This month, the Wage Inspectorate Victoria (WIV) has flexed its muscle by commencing criminal proceedings against subsidiaries of one of Australia’s largest financial institutions. This follows the successful investigation of Coles by the WIV in 2020, which revealed long service leave underpayments. In this article, we elaborate on these two actions.
The main functions of the WIV include:
A key employee entitlement recognised under the Wage Theft Act is the right to accrue and be paid of long service leave in accordance with the Long Service Leave Act 2018 (Vic) (LSL Act). The LSL Act covers most Victorian employees, including casual and seasonal workers, with the exception of those whose long service leave entitlements are derived from a registered agreement, pre-modern award or other legislation (such as portable long service leave schemes).
Under section 9(2) of the LSL Act, if an employee’s employment is terminated before they have taken all their accrued long service leave, the full amount of the accrued entitlement is payable. The maximum penalty for each offence is 60 penalty units (currently $10,904) for each day during which the offence continues.
In 2020, the WIV launched an investigation into Coles Supermarkets Australia (Coles) after receiving a complaint from a former employee who had not been paid their accrued long service leave entitlements when their employment ended.
Ultimately in March 2021, Coles pleaded guilty to seven charges filed by the WIV, admitting that it had underpaid 24 former employees $53,710 between October 2019 and April 2020 after they did not receive their accrued long service leave entitlements in accordance with section 9(2) of the LSL Act. A Magistrate imposed a fine of $50,000 plus costs of $15,000.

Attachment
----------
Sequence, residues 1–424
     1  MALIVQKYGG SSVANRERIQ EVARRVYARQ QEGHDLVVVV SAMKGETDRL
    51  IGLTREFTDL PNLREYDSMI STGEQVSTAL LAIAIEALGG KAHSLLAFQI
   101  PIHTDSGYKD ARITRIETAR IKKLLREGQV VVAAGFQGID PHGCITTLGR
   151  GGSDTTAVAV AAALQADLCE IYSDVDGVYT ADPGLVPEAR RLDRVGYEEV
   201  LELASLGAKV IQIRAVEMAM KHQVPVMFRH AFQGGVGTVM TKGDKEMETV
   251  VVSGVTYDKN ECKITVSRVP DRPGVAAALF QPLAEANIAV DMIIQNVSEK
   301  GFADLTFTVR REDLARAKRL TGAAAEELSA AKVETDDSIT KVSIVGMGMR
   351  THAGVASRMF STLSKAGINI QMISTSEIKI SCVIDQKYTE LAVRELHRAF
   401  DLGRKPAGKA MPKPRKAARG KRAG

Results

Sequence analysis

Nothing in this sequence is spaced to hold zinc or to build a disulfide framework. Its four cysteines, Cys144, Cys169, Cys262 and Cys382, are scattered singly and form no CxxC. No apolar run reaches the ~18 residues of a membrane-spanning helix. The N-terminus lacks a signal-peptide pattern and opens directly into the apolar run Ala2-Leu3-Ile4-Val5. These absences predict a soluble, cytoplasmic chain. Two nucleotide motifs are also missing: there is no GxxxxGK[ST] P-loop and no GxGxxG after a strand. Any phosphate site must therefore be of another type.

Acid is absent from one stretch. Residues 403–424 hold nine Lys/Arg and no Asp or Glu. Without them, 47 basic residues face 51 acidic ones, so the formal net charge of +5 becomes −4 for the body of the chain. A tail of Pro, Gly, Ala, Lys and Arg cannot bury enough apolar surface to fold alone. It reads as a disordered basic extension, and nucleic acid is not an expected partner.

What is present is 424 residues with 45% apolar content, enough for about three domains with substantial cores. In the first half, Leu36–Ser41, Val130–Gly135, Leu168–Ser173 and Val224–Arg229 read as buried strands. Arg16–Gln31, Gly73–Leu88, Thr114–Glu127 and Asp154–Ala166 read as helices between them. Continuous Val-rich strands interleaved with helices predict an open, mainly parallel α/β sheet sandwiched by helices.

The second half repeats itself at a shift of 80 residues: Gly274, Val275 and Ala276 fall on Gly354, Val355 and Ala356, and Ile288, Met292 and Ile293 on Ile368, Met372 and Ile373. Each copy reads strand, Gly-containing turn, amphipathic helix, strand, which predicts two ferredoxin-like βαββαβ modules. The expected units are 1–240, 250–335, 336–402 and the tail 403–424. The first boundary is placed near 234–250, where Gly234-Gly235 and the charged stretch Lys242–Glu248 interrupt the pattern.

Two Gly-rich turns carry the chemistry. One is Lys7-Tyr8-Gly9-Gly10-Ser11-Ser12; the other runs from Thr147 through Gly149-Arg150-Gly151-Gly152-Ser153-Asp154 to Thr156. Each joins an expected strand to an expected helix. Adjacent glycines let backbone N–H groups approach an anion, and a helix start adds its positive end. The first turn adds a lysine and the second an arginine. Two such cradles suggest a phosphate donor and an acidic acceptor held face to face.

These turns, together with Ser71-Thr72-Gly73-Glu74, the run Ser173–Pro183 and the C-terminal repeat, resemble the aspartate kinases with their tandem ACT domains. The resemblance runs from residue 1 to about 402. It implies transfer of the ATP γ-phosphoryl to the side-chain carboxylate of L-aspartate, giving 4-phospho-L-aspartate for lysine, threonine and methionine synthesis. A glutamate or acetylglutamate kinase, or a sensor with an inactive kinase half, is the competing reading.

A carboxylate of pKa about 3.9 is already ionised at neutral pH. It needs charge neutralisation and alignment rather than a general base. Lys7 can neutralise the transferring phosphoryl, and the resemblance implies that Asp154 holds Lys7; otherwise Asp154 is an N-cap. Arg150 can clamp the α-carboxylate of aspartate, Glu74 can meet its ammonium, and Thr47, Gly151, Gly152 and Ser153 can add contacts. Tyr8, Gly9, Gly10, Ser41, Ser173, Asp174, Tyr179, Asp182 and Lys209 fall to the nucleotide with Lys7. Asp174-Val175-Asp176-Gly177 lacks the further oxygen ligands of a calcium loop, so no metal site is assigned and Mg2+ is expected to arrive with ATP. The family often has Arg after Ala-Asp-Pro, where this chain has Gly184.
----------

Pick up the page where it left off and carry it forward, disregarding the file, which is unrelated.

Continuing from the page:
The investigation by the WIV revealed that Coles had underpaid more than 4000 employees $700,000 in long service leave entitlements.
For Coles, the main reason the underpayments had occurred was due to a clause in the Coles Supermarkets Enterprise Agreement 2017 (Enterprise Agreement) which provided that long service leave did not accrue during periods of unpaid leave, such as annual leave, personal and carer’s leave. This conflicts with the requirements of section 13 of the LSL Act and therefore rendered the Enterprise Agreement clause invalid. This meant that Coles had failed to correctly calculate long service leave for workers who took unpaid leave and did not pay these workers their full entitlement to long service leave when their employment was terminated.
This month, the WIV has commenced criminal proceedings against two subsidiaries of one of Australia’s largest financial institutions for allegedly failing to pay more than $70,000 in long service leave entitlements to 20 former employees and failing to comply with a notice to produce documents. Again, the allegations relate to the failure to pay out accrued long service leave entitlements on termination. The parent company of the two subsidiaries has said that it has fully remediated the employees that have been included in the proceedings.
In addition, the WIV also has proceedings afoot against other major Australian corporations as well as the labour hire company Allstaff Australia.
This is a timely reminder for all employers to ensure that they are complying with the relevant LSL Act obligations and to frequently audit their payroll processes and procedures. Some common pitfalls include:
The Workplace Advisory and Disputes team at Gadens regularly provides advice about employment entitlements, including long service leave and is able to assist you with any queries, including compliance with the LSL Act and Wage Theft Act.
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George Haros, Partner
Sarah Saliba, Associate
Carlyna Yap, Lawyer